An affidavit based on an anonymous tip isn’t much of a story. And why hasn’t there been an arrest? Even if Mr. Carlson is arrested and charged, it still wouldn’t be much. A few broken windows are nothing compared to the horrors unleashed across the nation over the last few months. If Mr. Carlson did smash some windows, it doesn’t follow that this inspired others to set the AutoZone and a police building on fire. Nonetheless, there was heavy press outrage.
- Minneapolis Police Reportedly Identify Viral ‘Umbrella Man’ As White Supremacist, National Public Radio, July 28, 2020
- ‘Umbrella Man’ went viral breaking windows at a protest. He was a white supremacist trying to spark violence, policy say, Washington Post, July 29, 2020
- Minneapolis police identify ‘Umbrella Man’ who helped incite George Floyd riots, warrant says, CNN, July 29, 2020
At least CNN wrote about “riots” and not “a protest.” Still, let’s grant that there may be something in this case. It’s impossible to say that about “white supremacists” rioting in Richmond.
Mayor Levar Stoney claimed “there were white supremacists marching under the banner of Black Lives Matter, an attempt to undermine an otherwise overwhelmingly peaceful movement toward social justice.” Democratic congressional candidate Qasim Rashid echoed this claim on Twitter. Who were these “white supremacists?” Police Chief Gerald Smith said his department “identified some individuals who have been seen with the Boogaloo boys and some antifa groups around the area.” Mayor Stoney appears to think “Boogaloo boys” are “white supremacists.” They aren’t. They are broadly libertarian, anti-government, anti-police, and “anti-racist,” and want to build a cross-racial alliance against the state.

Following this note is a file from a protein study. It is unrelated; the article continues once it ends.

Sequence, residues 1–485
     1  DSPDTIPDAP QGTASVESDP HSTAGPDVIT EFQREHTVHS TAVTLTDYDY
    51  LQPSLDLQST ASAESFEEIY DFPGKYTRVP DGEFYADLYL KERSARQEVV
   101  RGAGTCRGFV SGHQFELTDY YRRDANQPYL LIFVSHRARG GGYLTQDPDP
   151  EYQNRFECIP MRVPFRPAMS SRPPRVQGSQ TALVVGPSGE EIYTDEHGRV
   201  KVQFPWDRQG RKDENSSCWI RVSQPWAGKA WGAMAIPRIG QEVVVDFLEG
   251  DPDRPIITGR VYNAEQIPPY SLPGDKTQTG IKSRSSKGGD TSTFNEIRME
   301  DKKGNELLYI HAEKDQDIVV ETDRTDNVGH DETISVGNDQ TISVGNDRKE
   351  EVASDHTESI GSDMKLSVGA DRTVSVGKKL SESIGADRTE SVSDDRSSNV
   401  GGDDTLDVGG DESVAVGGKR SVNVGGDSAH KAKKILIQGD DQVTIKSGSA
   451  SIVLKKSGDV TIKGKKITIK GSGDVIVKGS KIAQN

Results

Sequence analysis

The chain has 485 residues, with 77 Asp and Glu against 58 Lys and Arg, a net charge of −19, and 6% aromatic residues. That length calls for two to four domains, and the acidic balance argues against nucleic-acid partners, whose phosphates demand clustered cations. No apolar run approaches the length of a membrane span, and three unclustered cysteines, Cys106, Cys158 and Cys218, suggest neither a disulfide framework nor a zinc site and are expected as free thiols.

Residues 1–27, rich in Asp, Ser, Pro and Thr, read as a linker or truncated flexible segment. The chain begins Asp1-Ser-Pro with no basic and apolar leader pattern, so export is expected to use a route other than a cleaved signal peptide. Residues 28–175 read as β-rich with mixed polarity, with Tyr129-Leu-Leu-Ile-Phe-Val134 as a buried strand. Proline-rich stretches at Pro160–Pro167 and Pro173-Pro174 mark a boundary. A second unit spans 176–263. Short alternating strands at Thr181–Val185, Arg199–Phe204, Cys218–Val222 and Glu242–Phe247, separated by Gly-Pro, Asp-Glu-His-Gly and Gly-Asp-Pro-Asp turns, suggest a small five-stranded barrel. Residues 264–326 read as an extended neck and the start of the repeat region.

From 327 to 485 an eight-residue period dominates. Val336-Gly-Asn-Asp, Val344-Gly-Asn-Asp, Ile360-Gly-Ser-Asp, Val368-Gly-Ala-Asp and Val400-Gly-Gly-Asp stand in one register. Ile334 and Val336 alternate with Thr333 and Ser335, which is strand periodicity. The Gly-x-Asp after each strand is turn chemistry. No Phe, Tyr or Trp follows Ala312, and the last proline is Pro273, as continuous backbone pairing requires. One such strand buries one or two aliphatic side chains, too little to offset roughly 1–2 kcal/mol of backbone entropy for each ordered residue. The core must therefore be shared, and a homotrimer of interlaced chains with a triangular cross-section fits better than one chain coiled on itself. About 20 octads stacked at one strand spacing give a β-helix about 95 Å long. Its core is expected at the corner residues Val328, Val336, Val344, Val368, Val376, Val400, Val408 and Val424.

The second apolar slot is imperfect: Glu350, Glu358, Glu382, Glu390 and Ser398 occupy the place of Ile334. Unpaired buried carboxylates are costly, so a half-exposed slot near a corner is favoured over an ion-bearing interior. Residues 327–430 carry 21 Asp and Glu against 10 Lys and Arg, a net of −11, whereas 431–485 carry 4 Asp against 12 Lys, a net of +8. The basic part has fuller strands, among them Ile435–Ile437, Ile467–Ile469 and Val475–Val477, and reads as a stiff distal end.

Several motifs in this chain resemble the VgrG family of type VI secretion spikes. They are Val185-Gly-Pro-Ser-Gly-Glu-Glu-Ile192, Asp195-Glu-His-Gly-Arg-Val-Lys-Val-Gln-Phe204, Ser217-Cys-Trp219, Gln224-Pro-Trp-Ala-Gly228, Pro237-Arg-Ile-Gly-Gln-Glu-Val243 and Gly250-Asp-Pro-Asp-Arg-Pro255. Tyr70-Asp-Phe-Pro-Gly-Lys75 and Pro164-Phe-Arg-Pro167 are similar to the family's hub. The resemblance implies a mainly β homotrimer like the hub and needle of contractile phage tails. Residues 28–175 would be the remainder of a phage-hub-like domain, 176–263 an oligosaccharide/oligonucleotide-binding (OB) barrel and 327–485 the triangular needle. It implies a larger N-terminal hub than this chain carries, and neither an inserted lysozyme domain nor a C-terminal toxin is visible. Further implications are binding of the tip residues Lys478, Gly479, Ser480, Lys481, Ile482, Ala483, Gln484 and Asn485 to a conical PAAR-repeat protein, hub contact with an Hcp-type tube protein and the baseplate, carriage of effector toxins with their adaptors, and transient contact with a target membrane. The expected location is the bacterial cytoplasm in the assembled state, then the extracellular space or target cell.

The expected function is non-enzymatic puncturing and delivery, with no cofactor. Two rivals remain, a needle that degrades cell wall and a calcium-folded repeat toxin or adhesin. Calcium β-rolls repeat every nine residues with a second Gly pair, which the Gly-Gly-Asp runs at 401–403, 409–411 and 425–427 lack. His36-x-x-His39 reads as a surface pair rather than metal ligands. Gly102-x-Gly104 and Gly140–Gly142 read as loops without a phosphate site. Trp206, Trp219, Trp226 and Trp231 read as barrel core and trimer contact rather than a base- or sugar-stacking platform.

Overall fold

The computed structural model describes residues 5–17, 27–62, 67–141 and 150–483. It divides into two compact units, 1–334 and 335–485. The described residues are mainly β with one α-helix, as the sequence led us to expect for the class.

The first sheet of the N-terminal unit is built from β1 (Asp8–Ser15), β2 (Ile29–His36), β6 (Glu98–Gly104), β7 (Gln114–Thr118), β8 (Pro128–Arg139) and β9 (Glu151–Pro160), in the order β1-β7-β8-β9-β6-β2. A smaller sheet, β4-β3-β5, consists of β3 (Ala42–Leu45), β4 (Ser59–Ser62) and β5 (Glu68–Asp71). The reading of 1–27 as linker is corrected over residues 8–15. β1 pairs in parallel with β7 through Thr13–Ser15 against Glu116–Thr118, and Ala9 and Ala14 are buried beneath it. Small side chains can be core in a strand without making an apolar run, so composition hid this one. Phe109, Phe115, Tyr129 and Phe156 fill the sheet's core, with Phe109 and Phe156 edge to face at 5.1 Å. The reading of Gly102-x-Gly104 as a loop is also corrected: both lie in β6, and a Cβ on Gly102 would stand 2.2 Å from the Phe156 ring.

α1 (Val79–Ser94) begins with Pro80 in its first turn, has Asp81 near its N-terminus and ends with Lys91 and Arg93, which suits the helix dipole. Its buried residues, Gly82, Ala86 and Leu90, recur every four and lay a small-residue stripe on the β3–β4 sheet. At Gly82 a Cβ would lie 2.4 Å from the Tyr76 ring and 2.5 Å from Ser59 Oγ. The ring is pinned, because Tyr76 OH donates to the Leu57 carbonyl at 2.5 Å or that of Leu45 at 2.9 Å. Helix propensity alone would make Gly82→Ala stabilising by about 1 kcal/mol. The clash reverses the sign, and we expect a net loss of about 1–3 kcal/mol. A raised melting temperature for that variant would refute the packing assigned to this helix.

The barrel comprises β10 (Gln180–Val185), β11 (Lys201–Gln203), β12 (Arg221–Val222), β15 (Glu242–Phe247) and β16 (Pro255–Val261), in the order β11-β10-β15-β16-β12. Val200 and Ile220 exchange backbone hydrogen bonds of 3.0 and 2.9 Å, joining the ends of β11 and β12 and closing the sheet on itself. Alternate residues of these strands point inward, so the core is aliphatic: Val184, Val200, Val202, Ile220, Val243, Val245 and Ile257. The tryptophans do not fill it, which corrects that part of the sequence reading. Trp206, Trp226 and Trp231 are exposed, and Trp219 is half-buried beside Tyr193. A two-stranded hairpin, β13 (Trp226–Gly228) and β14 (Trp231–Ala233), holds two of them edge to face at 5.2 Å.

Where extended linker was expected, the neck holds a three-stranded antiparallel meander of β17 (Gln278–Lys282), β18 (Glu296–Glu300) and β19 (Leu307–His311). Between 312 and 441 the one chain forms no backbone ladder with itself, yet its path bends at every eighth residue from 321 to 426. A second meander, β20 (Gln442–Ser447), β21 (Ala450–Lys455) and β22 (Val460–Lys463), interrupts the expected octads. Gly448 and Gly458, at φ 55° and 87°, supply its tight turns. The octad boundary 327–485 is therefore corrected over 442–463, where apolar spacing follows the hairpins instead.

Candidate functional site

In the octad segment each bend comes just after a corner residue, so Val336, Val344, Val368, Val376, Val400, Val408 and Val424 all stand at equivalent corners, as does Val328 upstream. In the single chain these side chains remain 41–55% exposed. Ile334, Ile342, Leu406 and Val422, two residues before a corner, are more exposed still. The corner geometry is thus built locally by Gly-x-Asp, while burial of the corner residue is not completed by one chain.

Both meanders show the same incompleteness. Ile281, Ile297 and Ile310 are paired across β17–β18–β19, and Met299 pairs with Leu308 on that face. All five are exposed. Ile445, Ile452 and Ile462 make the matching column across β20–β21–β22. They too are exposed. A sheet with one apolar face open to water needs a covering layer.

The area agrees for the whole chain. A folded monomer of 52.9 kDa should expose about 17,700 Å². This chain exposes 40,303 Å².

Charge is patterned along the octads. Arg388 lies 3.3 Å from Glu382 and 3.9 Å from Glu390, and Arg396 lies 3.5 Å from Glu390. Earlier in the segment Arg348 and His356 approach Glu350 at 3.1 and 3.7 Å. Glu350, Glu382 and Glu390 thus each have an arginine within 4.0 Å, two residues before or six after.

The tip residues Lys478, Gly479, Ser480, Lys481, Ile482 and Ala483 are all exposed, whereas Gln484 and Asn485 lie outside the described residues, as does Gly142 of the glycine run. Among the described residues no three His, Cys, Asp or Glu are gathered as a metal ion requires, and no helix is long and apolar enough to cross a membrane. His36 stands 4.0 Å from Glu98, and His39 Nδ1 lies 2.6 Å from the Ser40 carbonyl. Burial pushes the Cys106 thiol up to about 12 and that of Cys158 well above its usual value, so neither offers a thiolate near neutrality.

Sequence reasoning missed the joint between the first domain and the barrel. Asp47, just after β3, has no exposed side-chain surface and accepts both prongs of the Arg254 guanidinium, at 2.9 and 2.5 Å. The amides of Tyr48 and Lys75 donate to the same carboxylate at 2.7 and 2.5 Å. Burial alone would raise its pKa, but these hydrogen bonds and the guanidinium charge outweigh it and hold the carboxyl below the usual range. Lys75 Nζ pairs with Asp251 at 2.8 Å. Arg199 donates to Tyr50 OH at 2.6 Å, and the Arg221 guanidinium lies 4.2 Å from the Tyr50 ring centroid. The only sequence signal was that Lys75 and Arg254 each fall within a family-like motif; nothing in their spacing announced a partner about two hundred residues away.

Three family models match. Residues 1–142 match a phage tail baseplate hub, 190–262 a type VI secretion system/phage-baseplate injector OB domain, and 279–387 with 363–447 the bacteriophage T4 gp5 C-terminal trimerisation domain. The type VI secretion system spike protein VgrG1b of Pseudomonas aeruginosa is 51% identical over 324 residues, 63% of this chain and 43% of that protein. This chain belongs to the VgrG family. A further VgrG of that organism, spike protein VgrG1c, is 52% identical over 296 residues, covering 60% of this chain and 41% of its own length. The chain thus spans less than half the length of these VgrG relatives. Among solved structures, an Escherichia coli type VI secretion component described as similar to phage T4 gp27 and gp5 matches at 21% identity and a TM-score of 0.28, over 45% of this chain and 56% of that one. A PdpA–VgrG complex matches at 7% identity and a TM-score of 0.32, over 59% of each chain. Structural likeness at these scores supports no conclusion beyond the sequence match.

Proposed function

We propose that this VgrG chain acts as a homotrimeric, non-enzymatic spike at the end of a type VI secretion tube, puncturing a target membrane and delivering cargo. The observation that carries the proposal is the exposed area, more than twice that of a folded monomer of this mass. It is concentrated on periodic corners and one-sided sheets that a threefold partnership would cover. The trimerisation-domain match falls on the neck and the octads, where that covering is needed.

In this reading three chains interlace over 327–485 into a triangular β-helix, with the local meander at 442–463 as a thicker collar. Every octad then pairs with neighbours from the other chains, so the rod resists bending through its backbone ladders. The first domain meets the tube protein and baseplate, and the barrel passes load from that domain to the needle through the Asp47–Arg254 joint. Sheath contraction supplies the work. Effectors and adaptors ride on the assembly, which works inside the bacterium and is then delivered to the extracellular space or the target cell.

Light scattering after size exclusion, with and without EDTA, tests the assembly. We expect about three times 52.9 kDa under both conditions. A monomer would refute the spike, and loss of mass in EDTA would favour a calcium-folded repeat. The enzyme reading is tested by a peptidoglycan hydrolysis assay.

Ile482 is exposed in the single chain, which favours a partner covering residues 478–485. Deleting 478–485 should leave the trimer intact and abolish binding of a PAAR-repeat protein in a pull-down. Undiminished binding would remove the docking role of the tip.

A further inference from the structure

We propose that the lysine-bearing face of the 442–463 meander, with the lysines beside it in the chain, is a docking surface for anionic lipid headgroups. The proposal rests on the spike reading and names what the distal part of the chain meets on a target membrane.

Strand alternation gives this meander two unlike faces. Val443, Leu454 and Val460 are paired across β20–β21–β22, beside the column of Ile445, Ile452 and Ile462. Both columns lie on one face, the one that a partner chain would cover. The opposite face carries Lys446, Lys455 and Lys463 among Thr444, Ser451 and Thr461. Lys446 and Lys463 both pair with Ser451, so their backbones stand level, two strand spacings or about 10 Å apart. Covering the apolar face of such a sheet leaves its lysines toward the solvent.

The Virginia Mercury, which says it “generally features progressive commentary,” reported on July 30 that “Richmond officials have presented no direct evidence showing white supremacists organized the protest, encouraged violence, or participated in any property damage.” Police found no “white supremacists” to arrest in Richmond, but did arrest plenty of non-whites. One of the few whites they collared, Molly Conger, is a prominent antifa blogger. This got far less coverage than the non-arrest of a supposed “white supremacist.”
National Public Radio also tried shift the blame. In June, it published an article claiming “right-wing extremists are turning cars into weapons, with reports of at least 50 vehicle-ramming incidents since protests against police violence erupted nationwide in late May.” It sounds like a national campaign by “white supremacists” to kill peaceful protesters, but NPR managed to find only one plausible “racist” out of the 50 incidents. The original photo was one of armed rioters attacking a woman in a car. They were arrested, not the driver. Conservatives, including Donald Trump Jr., noted the mistake; NPR responded with a self-pitying article that accused the President’s son of having “seized on the moment” and saying he’s “known for his propensity to speak to the fringes of the political spectrum.” NPR changed the photograph to one of the aftermath of the Unite the Right rally in 2017; it had to go back three years to find something that fit its slant.